3. Make it clear: Tell them that you want them to stay.
  4. Identify the sticky factors: Ask them why they stay—find out what they like about working for your organization.
  5. Reinforce the positive: Follow up the interview by taking action to keep those sticky factors strong.

I recommend that leaders encourage managers to schedule these stay interviews quarterly, with follow-up questions during regular one-on-ones. In my experience, sticky factors change over time. Becoming a parent, a move triggering a change in commuting options or travel time, a need for more paid leave or tuition reimbursement… one thing all of us have learned over the past 18 months is that external factors beyond our control can suddenly impact what we need to work effectively.

This is an especially helpful strategy for nonprofits or organizations where financial resources have been stretched as a result of the pandemic. Offering raises, or increasing benefits must be done across the board. But responding specifically to the factors that matter most to your key contributors enables a personalized, targeted approach. It provides an opportunity to express your appreciation, and to identify what your top talent values in your organization. It’s a much more cost-effective solution than sweeping changes to benefits policies.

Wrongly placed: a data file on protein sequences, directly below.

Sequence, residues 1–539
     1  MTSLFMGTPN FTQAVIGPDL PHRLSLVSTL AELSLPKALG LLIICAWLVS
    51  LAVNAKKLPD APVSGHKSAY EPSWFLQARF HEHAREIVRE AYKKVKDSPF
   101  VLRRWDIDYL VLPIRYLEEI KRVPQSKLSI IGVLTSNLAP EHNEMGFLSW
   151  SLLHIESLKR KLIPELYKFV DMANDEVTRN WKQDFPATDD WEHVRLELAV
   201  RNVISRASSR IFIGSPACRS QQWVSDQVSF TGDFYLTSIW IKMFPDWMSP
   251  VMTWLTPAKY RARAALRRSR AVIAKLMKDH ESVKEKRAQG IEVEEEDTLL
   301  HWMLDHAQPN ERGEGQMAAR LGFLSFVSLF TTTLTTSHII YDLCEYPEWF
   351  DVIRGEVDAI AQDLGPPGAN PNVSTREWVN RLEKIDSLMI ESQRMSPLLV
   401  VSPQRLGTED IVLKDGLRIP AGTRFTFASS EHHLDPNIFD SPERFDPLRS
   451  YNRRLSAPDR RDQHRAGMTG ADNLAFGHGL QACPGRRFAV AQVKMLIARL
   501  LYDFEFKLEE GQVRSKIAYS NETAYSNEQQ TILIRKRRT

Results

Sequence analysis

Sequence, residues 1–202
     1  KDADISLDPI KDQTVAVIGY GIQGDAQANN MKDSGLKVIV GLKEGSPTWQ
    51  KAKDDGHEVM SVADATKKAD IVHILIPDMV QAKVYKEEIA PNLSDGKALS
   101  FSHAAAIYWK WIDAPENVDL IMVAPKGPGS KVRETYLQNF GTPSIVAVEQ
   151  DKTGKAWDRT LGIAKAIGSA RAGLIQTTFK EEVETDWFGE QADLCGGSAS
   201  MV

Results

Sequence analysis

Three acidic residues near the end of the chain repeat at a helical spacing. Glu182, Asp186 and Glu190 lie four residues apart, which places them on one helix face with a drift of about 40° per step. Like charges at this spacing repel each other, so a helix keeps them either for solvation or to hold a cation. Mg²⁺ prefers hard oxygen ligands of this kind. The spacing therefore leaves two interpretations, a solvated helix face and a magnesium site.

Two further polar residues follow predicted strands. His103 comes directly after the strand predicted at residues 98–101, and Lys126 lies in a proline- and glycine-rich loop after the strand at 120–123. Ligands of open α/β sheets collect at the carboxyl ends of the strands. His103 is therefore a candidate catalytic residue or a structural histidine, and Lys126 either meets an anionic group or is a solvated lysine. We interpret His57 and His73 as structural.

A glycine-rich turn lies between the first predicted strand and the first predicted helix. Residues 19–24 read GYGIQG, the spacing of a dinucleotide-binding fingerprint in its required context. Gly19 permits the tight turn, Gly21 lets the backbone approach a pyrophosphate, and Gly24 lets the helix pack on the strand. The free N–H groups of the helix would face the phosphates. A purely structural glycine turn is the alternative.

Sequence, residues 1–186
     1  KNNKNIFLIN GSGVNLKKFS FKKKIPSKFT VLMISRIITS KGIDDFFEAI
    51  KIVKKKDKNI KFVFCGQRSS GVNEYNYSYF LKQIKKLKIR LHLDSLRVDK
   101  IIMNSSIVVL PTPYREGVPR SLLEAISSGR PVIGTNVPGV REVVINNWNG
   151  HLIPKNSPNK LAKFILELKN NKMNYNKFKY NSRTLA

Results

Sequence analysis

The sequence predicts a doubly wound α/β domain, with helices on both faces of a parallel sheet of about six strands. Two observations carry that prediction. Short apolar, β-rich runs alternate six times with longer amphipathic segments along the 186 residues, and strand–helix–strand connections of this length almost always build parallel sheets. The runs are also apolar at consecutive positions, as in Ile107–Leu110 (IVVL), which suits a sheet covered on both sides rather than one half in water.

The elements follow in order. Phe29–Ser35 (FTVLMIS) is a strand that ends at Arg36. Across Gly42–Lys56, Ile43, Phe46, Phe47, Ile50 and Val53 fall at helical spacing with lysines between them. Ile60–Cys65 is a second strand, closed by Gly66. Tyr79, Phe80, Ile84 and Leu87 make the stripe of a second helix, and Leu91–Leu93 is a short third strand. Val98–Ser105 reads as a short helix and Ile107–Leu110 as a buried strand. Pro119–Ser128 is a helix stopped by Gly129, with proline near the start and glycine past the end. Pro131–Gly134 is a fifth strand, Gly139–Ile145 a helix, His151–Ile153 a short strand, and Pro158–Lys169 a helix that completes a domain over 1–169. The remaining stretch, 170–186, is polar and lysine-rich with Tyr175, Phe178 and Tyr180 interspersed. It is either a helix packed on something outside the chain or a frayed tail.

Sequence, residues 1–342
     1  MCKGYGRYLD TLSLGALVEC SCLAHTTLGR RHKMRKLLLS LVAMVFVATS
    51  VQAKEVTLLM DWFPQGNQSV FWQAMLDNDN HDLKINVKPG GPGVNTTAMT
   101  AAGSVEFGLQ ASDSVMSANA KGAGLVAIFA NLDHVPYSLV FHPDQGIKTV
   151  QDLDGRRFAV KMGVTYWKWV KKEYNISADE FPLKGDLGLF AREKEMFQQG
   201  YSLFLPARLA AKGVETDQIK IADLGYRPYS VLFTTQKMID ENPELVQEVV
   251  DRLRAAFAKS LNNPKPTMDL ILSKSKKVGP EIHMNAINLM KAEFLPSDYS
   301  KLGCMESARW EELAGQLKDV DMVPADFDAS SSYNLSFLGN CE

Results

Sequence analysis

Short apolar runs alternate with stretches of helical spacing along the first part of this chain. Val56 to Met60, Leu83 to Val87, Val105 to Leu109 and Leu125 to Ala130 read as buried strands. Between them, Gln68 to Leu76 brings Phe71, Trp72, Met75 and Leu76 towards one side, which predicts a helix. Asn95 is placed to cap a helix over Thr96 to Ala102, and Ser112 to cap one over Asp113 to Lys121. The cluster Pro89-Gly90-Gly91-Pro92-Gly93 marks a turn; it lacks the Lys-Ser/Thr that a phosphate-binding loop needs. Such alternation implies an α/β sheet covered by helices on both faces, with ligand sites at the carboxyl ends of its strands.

Don’t wait until your top talent resigns to find out why they are leaving. Start with your most vital talent, the individuals you don’t want to replace, and those in positions that have proved challenging to fill. Ask them why they choose to stay and use that knowledge to make smart, strategic actions to demonstrate that you value their contribution.